• The Michigan House has introduced a bill that "would allow students to bypass the tougher math requirement by taking three years of math, with the only mandated courses being algebra I and geometry. The third math credit could be in a course like financial literacy, which teaches students money management skills." (From the Free Press; emphasis mine)
  • The Michigan Senate unanimously passed a bill to grant that "math-related career and technical education courses could fulfill the Algebra II graduation requirement for high school students." (From the Detroit News, emphasis mine)
Interestingly, the Michigan Department of Education opposes the House legislation but supports the Senate legislation. Still trying to figure that out....

Blogprof brought this to my attention earlier in the week; he is strongly opposed to the watering down of the standards. Read his comments here and here. I am also opposed. As a math teacher who works with public school students, I recognize that the standards are unrealistic based upon the reality in the classrooms. They cannot be realistic until all math teaching, from kindergarten on up, is both thorough and rigorous, free of the fluff that infests so much of the curriculum now.

Math educators disagree among themselves what will improve math education most successfully; but all of us believe it can and must be improved. Here are a few of my suggestions:
  • Focus both on drill/practice and concepts. Students who drill and practice all the time have difficulty handling real-life problems; students who know how to solve the problems but can't compute accurately are not going to be successful, either.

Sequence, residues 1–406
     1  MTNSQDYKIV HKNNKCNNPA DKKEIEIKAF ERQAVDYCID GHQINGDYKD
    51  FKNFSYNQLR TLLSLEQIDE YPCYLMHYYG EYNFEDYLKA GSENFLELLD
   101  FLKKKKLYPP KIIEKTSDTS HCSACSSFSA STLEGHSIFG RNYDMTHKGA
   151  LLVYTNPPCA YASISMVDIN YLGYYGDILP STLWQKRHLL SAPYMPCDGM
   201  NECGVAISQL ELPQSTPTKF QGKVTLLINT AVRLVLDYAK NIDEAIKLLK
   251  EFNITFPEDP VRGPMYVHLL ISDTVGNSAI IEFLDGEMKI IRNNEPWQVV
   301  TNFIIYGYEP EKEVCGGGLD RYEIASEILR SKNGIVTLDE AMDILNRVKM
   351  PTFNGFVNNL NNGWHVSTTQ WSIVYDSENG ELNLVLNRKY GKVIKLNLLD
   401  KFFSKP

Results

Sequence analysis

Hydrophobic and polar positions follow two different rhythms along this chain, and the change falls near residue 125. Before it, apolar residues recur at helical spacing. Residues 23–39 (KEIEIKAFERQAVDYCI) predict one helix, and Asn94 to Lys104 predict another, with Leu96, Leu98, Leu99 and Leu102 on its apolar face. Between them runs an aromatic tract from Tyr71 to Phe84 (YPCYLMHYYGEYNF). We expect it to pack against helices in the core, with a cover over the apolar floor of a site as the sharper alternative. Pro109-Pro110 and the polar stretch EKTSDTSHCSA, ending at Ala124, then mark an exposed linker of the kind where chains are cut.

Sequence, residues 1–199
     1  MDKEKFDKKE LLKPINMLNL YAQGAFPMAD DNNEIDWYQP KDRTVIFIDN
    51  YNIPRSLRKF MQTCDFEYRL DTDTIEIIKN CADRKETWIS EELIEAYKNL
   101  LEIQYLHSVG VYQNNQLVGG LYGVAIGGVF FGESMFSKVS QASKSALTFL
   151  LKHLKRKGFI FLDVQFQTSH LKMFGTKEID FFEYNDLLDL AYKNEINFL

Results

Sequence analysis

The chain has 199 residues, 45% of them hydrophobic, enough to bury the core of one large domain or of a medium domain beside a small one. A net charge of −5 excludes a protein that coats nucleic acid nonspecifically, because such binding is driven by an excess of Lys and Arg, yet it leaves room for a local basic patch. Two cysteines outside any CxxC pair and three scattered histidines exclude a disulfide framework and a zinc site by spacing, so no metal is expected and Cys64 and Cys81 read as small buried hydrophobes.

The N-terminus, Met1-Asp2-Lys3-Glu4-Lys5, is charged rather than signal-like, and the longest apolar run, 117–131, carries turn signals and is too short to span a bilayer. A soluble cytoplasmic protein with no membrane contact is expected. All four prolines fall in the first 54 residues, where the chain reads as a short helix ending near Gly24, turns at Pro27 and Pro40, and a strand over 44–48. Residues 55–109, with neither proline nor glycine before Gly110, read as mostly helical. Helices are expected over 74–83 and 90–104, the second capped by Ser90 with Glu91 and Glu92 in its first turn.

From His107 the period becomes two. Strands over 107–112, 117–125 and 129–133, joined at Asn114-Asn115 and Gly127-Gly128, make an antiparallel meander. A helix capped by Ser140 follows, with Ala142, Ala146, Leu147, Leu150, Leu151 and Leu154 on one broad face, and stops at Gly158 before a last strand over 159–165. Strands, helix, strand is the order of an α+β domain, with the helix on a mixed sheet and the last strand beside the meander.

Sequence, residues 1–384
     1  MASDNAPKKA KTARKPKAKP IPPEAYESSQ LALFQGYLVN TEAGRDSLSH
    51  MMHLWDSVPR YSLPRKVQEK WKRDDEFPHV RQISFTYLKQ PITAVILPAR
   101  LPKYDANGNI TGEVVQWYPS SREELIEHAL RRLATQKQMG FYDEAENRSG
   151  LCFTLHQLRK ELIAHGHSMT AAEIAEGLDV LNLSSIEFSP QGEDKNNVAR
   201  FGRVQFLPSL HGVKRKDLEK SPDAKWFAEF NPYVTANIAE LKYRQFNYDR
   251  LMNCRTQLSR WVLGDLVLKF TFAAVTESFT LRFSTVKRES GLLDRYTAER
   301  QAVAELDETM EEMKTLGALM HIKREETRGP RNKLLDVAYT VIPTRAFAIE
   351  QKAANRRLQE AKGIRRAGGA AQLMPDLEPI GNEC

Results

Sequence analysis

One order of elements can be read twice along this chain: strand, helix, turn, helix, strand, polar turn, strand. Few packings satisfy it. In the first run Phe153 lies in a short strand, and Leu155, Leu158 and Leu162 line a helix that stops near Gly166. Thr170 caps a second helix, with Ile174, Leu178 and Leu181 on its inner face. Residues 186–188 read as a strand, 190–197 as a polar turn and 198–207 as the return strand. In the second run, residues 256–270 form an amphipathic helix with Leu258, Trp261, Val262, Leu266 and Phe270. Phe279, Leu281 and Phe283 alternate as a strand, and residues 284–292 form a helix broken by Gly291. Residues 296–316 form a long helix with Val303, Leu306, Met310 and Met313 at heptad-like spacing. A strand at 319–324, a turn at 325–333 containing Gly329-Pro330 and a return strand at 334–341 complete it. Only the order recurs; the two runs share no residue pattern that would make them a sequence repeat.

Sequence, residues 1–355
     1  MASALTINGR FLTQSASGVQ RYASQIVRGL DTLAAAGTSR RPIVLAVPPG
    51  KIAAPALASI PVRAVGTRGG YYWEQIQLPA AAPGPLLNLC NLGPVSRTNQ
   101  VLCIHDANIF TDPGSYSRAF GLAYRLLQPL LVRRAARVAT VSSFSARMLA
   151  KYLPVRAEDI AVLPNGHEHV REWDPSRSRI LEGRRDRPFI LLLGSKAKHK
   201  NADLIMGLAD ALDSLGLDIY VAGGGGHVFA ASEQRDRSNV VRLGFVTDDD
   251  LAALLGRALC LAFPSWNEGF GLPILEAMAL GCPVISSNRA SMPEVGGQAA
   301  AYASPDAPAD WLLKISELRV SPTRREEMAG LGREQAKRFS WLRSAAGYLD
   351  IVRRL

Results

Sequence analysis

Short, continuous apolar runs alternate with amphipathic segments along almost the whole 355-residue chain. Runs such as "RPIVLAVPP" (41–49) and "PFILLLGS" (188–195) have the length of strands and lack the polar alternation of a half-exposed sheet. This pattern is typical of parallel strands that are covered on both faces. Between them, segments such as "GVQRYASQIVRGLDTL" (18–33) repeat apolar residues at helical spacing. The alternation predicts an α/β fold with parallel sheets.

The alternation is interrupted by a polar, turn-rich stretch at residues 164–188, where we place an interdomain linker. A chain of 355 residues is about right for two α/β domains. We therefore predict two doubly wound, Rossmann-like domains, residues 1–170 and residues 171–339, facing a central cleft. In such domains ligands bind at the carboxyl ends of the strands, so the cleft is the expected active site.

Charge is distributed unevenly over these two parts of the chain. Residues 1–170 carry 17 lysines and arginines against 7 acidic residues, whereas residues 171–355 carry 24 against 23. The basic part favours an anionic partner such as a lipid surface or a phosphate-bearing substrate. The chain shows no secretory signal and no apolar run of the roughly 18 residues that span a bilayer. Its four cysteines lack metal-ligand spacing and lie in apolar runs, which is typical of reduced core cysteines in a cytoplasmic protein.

• Keep calculators out of students' hands before high school, except for certain occasional things where their use is helpful. If you think they should never be used, just tell me what the square root of 11 is to six decimal places, and I'll agree with you. I wrote an entire blog post on this topic.
  • Return the setting of curriculum standards to individual school districts. It makes them more accountable for success and it should be.
  • Institute full school choice for all taxpayers. Are you not satisfied with your kids' progress at Lawton? Move them to Paw Paw. Displeased with Detroit Public Schools? [Who isn't?] You get the idea....
Most importantly, parents need to be involved—both in encouraging their children and making sure they are provided with a quality education, in math and every other subject. The work of the parents in a child's education is much more important than the work of the state.


Brenda said...

Kudos to your final paragraph!! Well, kudos to the entire post, but THE most important way to keep standards high in any child's Math is for the parents to take an active role in it!!! Again, really the government shouldn't be in the business of telling schools how to run things. Imagine if the parent of EVERY public school student kept track of their child, their child's grades in school, and took an active role in making sure that child was doing his work, completing his homework, showing up in class ready to work, and requiring their children to do their best, and not expecting the public school teachers to do all that. I'm sure that is any teacher's fantasy school-land!! Every school would get an exemplary rating, teacher's would love their jobs, and the government wouldn't have to legislate such ridiculous standards (or lack of them)!!!

Ken said...

Well said, Brenda. Trouble is, they're the government's schools in the first place! (I guess that's why the all-wise legislature thinks it should set some standards.)

Brenda said...

So Ken, just out of curiosity.....was public education not a great idea in the first place, and what are your thoughts with public education eventually being used in this country to as a means of indoctrinating it's citizens to accept socialism? Again, the statement "what the government provides, it controls" comes to mind again. Do you think we are heading towards a government that forces all it's citizens to be in the public school systems or face legal trouble because they want this and the next generations to accept socialistic ideas? I'd love to hear your thoughts on this.